Well, it's Mother's Day - and while I'd love to be putting together a grand mother-themed blog roundup this week, unfortunately mother-and-cycling blog posts were a little thin on the ground, possibly because mothers don't cycle much here because cycling in the UK is still something fit men with no dependents mainly do or, more likely, because mums are mostly too busy to blog. Are you a cycling mum? Did we miss you and your fantastic blog? Let us know in the comments
So what was happening this week in bike-blog land? An accidental revolution, it turns out. Just as Magnatom was wondering if it was all worth it a group of talented bloggers and cyclists - and your own correspondent - were putting together a plan to pedal on parliament (that's the Scottish parliament, for those wondering 'didn't that happen already?'). Launched with the obligatory cheesy local paper shot - it has already put a smile on someone's face. More details from road.cc and Bike Biz too. Taking one step in the right direction, Lothian Buses release a training video that's actually pretty amazing - if you think bus drivers have it easy, then think again. That aside, until the revolution comes, if you're cycle commuting in Edinburgh you'll still need your suit, helmet, toe clips and thousand yard stare.
Where next for the 28th April ride-on-parliament idea? It looks Northern Ireland could do with a cycling revolution to tackle its obesity epidemic...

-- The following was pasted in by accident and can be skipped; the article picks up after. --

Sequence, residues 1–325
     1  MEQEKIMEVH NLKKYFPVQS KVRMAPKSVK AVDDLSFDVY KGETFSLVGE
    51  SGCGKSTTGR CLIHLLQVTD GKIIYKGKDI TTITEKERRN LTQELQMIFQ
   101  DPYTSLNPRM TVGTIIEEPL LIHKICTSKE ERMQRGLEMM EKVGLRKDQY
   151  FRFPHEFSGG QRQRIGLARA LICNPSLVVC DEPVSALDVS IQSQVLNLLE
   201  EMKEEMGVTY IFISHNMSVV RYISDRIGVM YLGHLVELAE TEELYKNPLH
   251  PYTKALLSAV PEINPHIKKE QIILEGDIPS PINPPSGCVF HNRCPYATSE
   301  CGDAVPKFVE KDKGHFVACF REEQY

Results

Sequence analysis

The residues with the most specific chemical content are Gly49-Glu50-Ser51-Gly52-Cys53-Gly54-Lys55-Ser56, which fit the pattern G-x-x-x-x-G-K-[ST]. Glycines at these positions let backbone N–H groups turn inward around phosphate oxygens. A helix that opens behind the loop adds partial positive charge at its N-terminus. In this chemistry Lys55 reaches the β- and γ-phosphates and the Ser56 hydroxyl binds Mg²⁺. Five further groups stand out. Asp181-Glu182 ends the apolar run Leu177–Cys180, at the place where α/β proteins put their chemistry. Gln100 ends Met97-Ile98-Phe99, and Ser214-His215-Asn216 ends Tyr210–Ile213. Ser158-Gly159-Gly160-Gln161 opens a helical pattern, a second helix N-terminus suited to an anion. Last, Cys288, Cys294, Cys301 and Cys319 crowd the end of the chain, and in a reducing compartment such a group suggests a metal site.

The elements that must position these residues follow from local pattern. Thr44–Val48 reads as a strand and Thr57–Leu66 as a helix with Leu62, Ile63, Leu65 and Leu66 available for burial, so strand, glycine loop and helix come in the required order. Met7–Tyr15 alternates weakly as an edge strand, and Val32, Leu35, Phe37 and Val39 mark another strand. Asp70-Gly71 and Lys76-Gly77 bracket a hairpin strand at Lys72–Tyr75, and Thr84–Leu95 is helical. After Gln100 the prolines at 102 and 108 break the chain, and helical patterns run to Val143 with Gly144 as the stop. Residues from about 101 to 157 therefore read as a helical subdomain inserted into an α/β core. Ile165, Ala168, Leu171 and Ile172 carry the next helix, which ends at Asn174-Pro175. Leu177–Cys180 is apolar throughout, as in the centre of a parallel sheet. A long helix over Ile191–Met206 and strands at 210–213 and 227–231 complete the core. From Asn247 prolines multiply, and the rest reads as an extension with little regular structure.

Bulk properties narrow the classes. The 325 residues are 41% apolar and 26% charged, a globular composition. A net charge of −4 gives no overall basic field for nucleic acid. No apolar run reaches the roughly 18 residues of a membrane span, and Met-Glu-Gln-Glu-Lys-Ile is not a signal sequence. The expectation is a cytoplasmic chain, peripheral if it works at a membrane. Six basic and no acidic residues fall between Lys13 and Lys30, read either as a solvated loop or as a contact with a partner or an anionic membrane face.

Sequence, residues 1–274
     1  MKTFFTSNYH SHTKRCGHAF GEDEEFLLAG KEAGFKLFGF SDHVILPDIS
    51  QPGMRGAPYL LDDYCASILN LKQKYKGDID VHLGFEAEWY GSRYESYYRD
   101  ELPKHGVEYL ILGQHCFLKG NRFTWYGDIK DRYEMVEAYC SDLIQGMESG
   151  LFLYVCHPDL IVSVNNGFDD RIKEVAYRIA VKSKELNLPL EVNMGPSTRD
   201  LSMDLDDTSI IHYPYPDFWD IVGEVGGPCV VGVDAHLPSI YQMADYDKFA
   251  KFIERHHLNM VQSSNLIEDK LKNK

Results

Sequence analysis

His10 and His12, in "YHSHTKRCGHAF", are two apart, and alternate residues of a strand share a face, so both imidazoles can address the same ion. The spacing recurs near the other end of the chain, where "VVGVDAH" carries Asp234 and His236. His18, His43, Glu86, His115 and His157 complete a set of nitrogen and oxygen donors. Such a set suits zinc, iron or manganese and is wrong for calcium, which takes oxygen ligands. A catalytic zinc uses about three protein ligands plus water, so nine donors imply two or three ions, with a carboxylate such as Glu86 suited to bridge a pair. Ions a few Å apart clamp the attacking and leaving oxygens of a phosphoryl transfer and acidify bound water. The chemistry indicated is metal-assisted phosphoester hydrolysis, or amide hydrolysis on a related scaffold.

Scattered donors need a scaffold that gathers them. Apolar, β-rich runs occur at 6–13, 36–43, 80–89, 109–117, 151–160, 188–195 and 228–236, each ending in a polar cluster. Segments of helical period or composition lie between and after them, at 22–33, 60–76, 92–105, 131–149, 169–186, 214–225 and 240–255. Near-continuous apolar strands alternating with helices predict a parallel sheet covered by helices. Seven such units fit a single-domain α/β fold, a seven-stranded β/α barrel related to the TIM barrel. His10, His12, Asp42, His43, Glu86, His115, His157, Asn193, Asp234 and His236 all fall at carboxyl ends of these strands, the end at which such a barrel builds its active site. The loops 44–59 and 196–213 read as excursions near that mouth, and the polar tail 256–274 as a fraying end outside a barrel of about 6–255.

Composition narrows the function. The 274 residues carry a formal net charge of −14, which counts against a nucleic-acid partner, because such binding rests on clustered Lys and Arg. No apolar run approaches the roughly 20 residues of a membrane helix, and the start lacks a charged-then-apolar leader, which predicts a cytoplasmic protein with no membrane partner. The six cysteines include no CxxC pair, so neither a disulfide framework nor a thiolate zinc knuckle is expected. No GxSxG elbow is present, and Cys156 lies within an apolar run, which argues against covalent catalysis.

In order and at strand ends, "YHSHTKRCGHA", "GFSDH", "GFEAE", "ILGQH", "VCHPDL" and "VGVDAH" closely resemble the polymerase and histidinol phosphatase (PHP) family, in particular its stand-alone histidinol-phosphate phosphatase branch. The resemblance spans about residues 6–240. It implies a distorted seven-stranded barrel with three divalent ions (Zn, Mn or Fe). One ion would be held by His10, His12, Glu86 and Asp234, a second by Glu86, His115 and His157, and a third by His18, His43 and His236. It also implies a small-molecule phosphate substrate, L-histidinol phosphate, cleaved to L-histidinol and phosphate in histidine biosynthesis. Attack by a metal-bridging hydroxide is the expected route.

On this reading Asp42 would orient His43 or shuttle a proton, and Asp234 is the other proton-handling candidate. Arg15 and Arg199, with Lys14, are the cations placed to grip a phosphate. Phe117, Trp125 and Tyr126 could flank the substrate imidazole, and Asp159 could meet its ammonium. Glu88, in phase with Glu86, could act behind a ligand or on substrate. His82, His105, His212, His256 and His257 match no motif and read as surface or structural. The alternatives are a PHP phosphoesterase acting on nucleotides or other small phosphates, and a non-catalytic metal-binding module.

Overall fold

Meanwhile, down south where the big bike ride idea began, Bike Radar wonders if London's cyclists could decide the next London mayor. London Assembly members seem to think so and are signing up to the Love London, Go Dutch petition in their droves, and Londoners on Bikes are leaving nothing to chance and complete their first tour des bikeshops. Despite having no road safety plan yet, Boris claims to have spent £200m making cycling safer in London, prompting Cycalogical to ask where the diamond-studded bike lane paved with gold can be found. Perhaps they should book a spot on the Living Streets transport hustings to find out?
Wherever it is, Estudio27 still found the London bike hire scheme too scary to try out (while the Cardiff one has been quietly dismantled). Could this be because cyclist are being ignored in junction designs like King's Cross, or at Vauxhall gyratory? Amazingly, neither made it onto Sustrans list of the top ten worst roads to cycle in the UK - but admittedly there was stiff competition. Unimpressed, cyclists stage a die in at City Hall. Meanwhile, reminding us why this is all so important, the parents of Ali Nasralla, killed while cycling home from school, call for more 20mph zones.
As Bicycle Dutch gets all nostalgic about 80s cycling promotion campaigns, the Road Danger Reduction Forum wonders what's really changed since 1985 (not much, it would appear, with job seekers being told to get on their bikes). Bike Biz wonders when the joy of cycling part of the Times's campaign will start. Perhaps the Summer of Cycling launch is more their sort of thing? Norman Baker phones his speech in (but hang on till the end through all the promotional guff for Kats Dekker and Karl on Sea).